by Ruth Rendell (Hutchinson) R235, 00 ISBN: 9780091944056
The workers of Hexam Place, an exclusive street of Georgian houses, decide to form The Saint Zita Society. Zita was the patron saint of domestic workers.
Rendell fills the pages with psychologically damaged characters. Upstairs, we have the unhappily married Preston and Lucy Still; The Princess; Dr Jefferson; Lord and Lady Studley; Damian and Roland. Downstairs, we have au pair, Montserrat, nanny, Rabia and cook, Zinnia; housekeeper, June; chauffeur, Beacon, gardener, Dex; chauffeur, Henry; unpaid servant, Thea.
Rad Sothern, television star, and Lucy’s lover, is accidentally killed by her husband. Montserrat persuades him to cover up the crime and the two dispose of the body. Dex, who tried to kill his mother as a child, and who has been rehabilitated, is then instructed to dispose of Montserrat by Peach, the god who lives in his cell phone. Henry, who is shagging both Lady Studley and her daughter, Huguette, appears for some reason or the other. Rabia, who loves the Stills’ children too much, watches as her employers begin divorce proceedings. Thea is about to marry Jimmy, although she doesn’t love him. And so it goes.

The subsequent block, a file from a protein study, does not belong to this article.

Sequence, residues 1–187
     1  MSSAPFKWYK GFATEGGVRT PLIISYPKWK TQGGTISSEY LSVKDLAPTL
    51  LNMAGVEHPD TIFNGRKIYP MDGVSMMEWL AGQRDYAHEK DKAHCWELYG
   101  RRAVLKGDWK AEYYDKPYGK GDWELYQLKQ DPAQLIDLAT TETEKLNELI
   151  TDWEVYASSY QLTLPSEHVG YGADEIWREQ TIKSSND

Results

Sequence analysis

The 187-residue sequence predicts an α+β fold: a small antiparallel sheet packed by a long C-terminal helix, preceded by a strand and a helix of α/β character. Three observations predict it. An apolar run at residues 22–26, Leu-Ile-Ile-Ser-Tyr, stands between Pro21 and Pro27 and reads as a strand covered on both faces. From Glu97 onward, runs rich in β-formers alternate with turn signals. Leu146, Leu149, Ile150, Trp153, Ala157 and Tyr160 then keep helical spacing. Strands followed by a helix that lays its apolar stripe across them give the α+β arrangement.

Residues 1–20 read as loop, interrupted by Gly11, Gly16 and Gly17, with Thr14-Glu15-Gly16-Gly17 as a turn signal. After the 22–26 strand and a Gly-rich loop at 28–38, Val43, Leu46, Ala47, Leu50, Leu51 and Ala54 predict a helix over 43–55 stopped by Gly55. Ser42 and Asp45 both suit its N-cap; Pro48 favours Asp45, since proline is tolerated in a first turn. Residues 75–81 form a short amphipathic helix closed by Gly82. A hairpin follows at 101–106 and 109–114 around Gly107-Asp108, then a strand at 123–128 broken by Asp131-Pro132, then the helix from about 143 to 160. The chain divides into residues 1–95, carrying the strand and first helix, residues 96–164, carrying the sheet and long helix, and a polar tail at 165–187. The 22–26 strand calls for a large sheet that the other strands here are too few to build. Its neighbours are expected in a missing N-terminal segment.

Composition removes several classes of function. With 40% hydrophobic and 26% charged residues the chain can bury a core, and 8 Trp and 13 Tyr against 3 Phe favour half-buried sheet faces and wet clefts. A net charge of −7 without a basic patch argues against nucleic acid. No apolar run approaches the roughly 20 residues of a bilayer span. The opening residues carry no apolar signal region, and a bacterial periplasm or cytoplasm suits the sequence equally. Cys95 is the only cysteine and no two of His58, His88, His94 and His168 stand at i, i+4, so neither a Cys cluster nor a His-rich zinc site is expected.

Lost yet? I was. Constantly. As much as I love Rendell’s writing, I could not tolerate the extra characters in this book. It is a feat that she manages to weave some of their lives together. The book would have been better with half of them deleted. Rendell writes another urban caper. The problem with this one is the dearth of likeable characters, and lack of cohesive plot. I am not sure why I finished the book.